other work on galectin-3 expression in thyroid diseases have
been reported, also mainly via immunohistochemical
Materials and Methods
Sample preparation. Tumor tissues (s026h/48) were collected from
the Pathology Department, Pramongkutklao Hospital, Bangkok and
CANCER GENOMICS & PROTEOMICS 3: 389-394 (2006)
Table I. Medical diagnosis of patients with various thyroid diseases.
Sample ID Age/Gender Diagnosis Metastasis Inflammation
T1 60/F Adenomatous colloid goiter NA No
T2 47/F Nodular colloid goiter NA Mild
T3 49/F Adenomatous colloid goiter NA Mild
T4 24/F Multinodular colloid goiter NA No
T5 47/F Multinodular colloid goiter NA Mild
T6 27/F Nodular colloid goiter NA Moderate
T7 48/F Nodular colloid goiter NA No
T8 14/M Diffuse thyroid hyperplasia NA Moderate
T9 21/F Diffuse thyroid hyperplasia NA No
T10 21/F Diffuse thyroid hyperplasia NA No
T11 12/M Diffuse thyroid hyperplasia NA Mild
T12 17/F Diffuse thyroid hyperplasia NA Moderate
T13 22/F Diffuse thyroid hyperplasia NA Mild
T14 42/F Diffuse thyroid hyperplasia NA Mild
T15 27/F Diffuse thyroid hyperplasia NA Moderate
T16 34/F Follicular adenoma NA Moderate
T17 47/F Follicular adenoma NA Mild
T18 37/M Follicular adenoma NA No
T19 32/F Follicular adenoma NA No
T20 18/F Follicular adenoma NA No
T21 42/M Follicular adenoma NA No
T22 54/M Follicular adenoma NA No
T23 30/F Follicular adenoma NA Mild
T24 22/F Follicular adenoma NA Mild
T25 28/F Follicular adenoma NA No
T26 20/F Follicular carcinoma, capsular No Mild
T27 48/F Follicular carcinoma, capsular and vascular No No
T28 30/M Follicular carcinoma, capsular and vascular No No
T29 32/F Follicular carcinoma, capsular and vascular No Moderate
T30 51/M Follicular carcinoma, capsular No Mild
T31 73/M Papillary carcinoma, extrathyroid gland extension No No
T32 80/F Papillary carcinoma No No
T33 23/F Papillary carcinoma Node metastasis Mild
T34 70/F Papillary carcinoma Node metastasis No
T35 33/M Papillary carcinoma Node metastasis Mild
T36 36/F Papillary carcinoma No No
T37 32/F Papillary carcinoma No Mild
T38 66/M Papillary carcinoma Node metastasis Mild
NA = not applicable.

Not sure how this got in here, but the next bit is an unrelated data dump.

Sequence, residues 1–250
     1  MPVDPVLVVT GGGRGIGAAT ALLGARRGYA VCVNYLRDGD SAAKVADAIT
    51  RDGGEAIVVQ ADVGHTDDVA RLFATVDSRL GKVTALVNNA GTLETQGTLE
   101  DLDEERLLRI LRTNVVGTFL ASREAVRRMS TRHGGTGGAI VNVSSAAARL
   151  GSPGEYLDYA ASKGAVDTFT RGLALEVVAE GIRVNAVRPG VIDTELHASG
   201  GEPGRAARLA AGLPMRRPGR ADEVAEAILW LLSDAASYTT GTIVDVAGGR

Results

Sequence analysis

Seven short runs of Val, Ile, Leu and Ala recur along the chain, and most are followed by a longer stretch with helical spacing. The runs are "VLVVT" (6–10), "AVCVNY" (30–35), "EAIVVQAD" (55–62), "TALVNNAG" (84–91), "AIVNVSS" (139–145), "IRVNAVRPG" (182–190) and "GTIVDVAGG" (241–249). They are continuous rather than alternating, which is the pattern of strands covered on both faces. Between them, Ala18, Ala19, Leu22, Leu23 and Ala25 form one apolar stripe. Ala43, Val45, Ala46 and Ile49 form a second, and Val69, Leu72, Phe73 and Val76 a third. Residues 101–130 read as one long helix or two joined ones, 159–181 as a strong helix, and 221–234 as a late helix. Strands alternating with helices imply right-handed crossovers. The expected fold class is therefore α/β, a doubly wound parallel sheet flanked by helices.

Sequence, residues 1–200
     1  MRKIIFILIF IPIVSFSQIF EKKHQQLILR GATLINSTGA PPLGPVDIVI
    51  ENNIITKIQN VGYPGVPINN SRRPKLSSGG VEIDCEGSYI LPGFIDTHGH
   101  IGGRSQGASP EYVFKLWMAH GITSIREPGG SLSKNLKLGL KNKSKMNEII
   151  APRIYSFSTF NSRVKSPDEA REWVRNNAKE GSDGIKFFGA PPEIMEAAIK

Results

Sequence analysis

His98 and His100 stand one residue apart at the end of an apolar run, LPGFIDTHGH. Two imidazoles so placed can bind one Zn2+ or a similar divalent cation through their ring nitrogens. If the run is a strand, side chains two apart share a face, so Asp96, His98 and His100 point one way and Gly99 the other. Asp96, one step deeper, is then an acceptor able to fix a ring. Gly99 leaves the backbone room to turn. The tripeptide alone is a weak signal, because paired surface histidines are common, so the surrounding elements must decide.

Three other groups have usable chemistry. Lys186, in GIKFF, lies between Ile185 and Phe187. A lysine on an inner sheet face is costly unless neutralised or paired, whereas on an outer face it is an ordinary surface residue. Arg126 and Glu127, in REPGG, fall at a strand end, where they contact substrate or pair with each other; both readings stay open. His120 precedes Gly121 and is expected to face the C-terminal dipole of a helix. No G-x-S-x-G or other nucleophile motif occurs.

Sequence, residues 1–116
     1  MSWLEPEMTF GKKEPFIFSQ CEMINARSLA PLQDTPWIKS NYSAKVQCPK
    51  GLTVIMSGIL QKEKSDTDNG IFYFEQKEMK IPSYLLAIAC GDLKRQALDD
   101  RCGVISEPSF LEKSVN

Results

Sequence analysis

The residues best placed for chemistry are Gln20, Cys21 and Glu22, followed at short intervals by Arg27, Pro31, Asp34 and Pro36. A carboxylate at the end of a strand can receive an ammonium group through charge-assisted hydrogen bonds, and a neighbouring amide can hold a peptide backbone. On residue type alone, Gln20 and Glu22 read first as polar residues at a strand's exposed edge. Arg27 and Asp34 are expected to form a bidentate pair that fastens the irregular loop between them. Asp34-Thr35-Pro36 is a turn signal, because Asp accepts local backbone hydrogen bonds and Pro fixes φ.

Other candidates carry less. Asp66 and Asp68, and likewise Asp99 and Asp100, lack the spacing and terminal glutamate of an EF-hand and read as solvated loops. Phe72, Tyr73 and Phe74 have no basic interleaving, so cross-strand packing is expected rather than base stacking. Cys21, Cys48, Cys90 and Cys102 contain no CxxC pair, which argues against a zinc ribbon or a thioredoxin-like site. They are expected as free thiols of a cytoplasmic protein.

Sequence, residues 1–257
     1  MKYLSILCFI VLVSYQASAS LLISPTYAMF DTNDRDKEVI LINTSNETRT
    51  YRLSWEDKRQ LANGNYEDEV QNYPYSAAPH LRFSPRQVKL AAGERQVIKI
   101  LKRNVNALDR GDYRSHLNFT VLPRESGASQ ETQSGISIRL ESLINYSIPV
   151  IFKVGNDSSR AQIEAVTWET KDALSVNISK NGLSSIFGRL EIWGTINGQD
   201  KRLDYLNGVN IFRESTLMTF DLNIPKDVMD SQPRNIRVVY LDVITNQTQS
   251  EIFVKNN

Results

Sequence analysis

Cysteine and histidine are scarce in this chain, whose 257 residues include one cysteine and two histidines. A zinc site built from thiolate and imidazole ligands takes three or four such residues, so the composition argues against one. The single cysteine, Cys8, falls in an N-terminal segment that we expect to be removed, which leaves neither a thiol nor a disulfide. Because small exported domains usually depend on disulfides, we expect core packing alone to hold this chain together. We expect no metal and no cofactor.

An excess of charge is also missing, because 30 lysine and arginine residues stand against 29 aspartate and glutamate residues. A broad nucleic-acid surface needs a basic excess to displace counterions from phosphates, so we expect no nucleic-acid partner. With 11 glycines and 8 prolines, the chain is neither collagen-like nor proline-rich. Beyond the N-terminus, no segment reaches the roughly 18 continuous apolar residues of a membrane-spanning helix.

stored at –70ÆC until analysis. Adjacent tissue was formalin-fixed,
paraffin-embedded and routinely examined for diagnosis. Tumors
were characterized on the basis of size, lymph node status,
histopathology, and graded according to standard criteria (WHO).
Diagnosis of the 38 subjects studied, summarized in Table I,
included goiter (G, 7 cases), diffuse hyperplasia or Graves’ disease
(Hy, 8 cases), follicular adenoma (FA, 10 cases), follicular carcinoma
(FC, 5 cases) and papillary carcinoma (PC, 8 cases). Thyroid tissues
were homogenized in distilled water containing 1 mM
phenylmethanesulfonylfluoride, 10 Ìg/ml pepstatin A, 5 Ìg/ml
bestatin, and centrifuged for 30 min at 12,000 rpm. Protein content
of the supernatant was determined using the Bradford method (26).
SDS-PAGE immunodetection. Samples (20 Ìg protein) were mixed
with sample buffer, boiled and applied to 12% T SDS
polyacrylamide gels (100 x 80 x 0.75 mm) (Bio-Rad Laboratories,
Hercules, CA, USA). Electrophoresis was performed in a Hoefer
system (Hoefer, Inc., San Francisco, CA, USA) at 10 mA, room
temperature for 1.5 h, followed by electroblotting of proteins from
the gel onto nitrocellulose membranes (Hybond ECL; GE
Healthcare, Buckinghamshire, UK) at 100 V for 30 min at 4ÆC.
After blocking in 5% non-fat dry milk, membranes were probed with
1:1000 diluted anti-galectin-3 monoclonal antibodies (Research
Diagnostics, Concord, MA, USA), repeatedly washed in 20 mM Tris
buffered-saline, pH 7.6, containing 0.1% Tween 20, and then
incubated in 1:5000 rabbit anti-mouse immunoglobulin G (IgG;
Dako Cytomation, Glostrup, Denmark) for 1 h. After washing, the
reaction was developed using the ECL plus detection system, with
high-performance film (Hyper-film ECL; GE Healthcare).
2-DE immunoblotting. This was performed with selected colon and
thyroid PC samples. Tissues were homogenized in lysis buffer (9 M
urea, 2% CHAPS, 2% DTT, 2% Ampholine pH 3.5-10, 1 mM PMSF,
10 Ìg/ml pepstatin A, 5 Ìg/ml bestatin) and centrifuged for 30 min at
12,000 rpm. 2-DE was performed using first-dimension isoelectric
focusing (IEF) on 70 mm nonlinear pH 3-10 or 6-11, IPG gel strips
Subhasitanont et al: Galectin-3 Expression in Human Thyroid Diseases